VOL. 128 | NO. 139 | Thursday, July 18, 2013
Central Station is poised to ride Downtown’s development momentum into its next phase of life.
Memphis Area Transit Authority officials are reviewing requests for proposals for the next round of redevelopment at the Central Station in the South Main Historic Arts District.
(Daily News/Lance Murphey)
Memphis Area Transit Authority officials are now reviewing requests for proposals for the next round of redevelopment at the iconic Downtown property.
MATA sought proposals for an ownership and management partnership along with a development proposal for additions to the 17-acre facility that anchors the southern side of the bustling South Main Historic Arts District.
“We want to secure a developer that will take over management and operations of the facility when the current partnership agreement expires in early 2015 and entertain developer ideas for new transit-oriented development on the vacant property on the site,” said Tom Fox, deputy general manager for MATA.
Fox, citing the ongoing evaluation process, declined to say how many firms responded to the RFP but said a selection could be made early next year.
“We expect several months of negotiations with the top-ranked developer, so our best estimate at this time is early 2014,” Fox said.
Central Station’s death and rebirth mirrored that of its neighborhood on the southern end of Downtown.
Central Station for decades served as the centerpiece of the South Main district after it was built in 1914, supplying the neighborhood and the businesses there with a steady stream of travelers and commerce.
South Main became a thriving commercial and industrial district with warehouses, Memphis Brewing Co., Piggly Wiggly’s headquarters and “Film Row” near Vance Avenue and Second Street. After Dr. Martin Luther King Jr.’s assassination in 1968 and the decline of the passenger rail industry, Central Station – like most of Downtown, including South Main – suffered a steady decline.
The building fell into disrepair by the early 1990s and there were fears that it could be razed like Union Station, but MATA stepped in to guide the restoration and adaptive reuse of the historic buildings and surrounding property.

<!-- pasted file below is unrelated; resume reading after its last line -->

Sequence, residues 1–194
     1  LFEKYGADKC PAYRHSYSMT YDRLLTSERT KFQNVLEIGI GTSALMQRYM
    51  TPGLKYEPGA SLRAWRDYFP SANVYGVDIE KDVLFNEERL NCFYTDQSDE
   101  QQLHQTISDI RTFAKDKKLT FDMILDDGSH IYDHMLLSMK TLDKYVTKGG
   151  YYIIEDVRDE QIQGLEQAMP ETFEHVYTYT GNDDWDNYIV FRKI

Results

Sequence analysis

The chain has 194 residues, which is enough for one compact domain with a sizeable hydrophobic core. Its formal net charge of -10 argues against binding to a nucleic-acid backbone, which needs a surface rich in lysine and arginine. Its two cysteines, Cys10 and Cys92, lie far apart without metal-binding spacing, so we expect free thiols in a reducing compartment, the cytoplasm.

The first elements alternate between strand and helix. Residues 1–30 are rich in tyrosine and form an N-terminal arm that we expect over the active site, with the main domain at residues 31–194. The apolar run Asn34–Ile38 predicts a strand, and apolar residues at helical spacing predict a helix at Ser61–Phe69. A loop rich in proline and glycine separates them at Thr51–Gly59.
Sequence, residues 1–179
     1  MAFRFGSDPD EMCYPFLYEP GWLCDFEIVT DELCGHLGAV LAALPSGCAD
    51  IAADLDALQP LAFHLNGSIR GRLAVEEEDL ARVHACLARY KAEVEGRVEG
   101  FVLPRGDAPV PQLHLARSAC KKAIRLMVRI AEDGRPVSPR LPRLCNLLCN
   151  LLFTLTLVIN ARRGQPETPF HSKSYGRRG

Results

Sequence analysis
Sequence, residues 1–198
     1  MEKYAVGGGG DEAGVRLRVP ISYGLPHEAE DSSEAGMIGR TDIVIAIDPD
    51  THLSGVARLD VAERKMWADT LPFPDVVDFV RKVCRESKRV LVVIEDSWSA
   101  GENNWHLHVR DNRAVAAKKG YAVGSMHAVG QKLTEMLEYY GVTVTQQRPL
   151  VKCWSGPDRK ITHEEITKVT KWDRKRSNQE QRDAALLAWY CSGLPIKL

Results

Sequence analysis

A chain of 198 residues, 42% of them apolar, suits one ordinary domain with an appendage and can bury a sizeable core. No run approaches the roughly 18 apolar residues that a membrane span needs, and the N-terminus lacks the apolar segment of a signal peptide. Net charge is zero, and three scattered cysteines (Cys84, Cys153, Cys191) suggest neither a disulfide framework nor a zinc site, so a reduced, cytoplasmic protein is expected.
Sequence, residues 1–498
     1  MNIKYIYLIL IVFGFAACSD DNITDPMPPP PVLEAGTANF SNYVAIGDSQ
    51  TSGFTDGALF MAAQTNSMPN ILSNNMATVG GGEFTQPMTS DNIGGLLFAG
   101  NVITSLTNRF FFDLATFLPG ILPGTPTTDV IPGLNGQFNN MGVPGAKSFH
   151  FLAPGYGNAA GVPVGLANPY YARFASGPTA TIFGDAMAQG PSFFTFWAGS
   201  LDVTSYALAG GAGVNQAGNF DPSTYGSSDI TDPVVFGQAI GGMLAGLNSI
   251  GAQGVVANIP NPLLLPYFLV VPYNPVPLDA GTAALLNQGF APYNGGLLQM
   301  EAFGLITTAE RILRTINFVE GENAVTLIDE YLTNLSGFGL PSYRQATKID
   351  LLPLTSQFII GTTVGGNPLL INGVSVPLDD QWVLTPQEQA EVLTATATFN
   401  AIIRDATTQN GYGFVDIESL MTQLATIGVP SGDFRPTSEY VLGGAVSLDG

The Central Station redevelopment project, completed in 1999, included 63 apartments and 35,000 square feet of commercial space. Central Station hosts the Memphis Farmers Market and houses the Amtrak station serviced by the City of New Orleans train, meeting space, law offices, a police precinct and MATA operations.
The Central Station project helped spark the rebirth of South Main into the thriving residential, arts and entertainment district that it is today, with 34 local retailers, 25 locally owned restaurants and more than $100 million in development projects underway or about to start.
“Central Station is a critical focal point for the South Main neighborhood,” said Paul Morris, president of the Downtown Memphis Commission, which helped MATA draft its RFP.
Morris said all the activity around Central Station, such as residential and retail growth, the redevelopment of the Chisca Hotel, expansion of The Orpheum Theatre Memphis and major upgrades at the National Civil Rights Museum, should be attractive to developers.
MATA would like to see development of the roughly five acres on the east side of Front Street between G.E. Patterson and Georgia avenues, a prime piece of Downtown real estate.
“We want somebody who has proven experience managing a mixed-use facility and with urban development,” Morris said.
The DMC recently launched a new branding campaign for the neighborhood called “Go South Main.” The campaign has a regularly updated website, www.gosouthmain.com, which features the businesses and people that have made South Main a success.
The ambitious Main Street to Main Street revitalization project would stretch from the Uptown area to South Main and then link up with the Harahan Bridge.
The project will include streetscape, utility, sidewalk, roadway and drainage improvements along Main, the conversion of the existing roadways on the Harahan to a bicycle and pedestrian bridge and construction of new multiuse trails connecting the bridge with new Broadway Avenue improvements in West Memphis.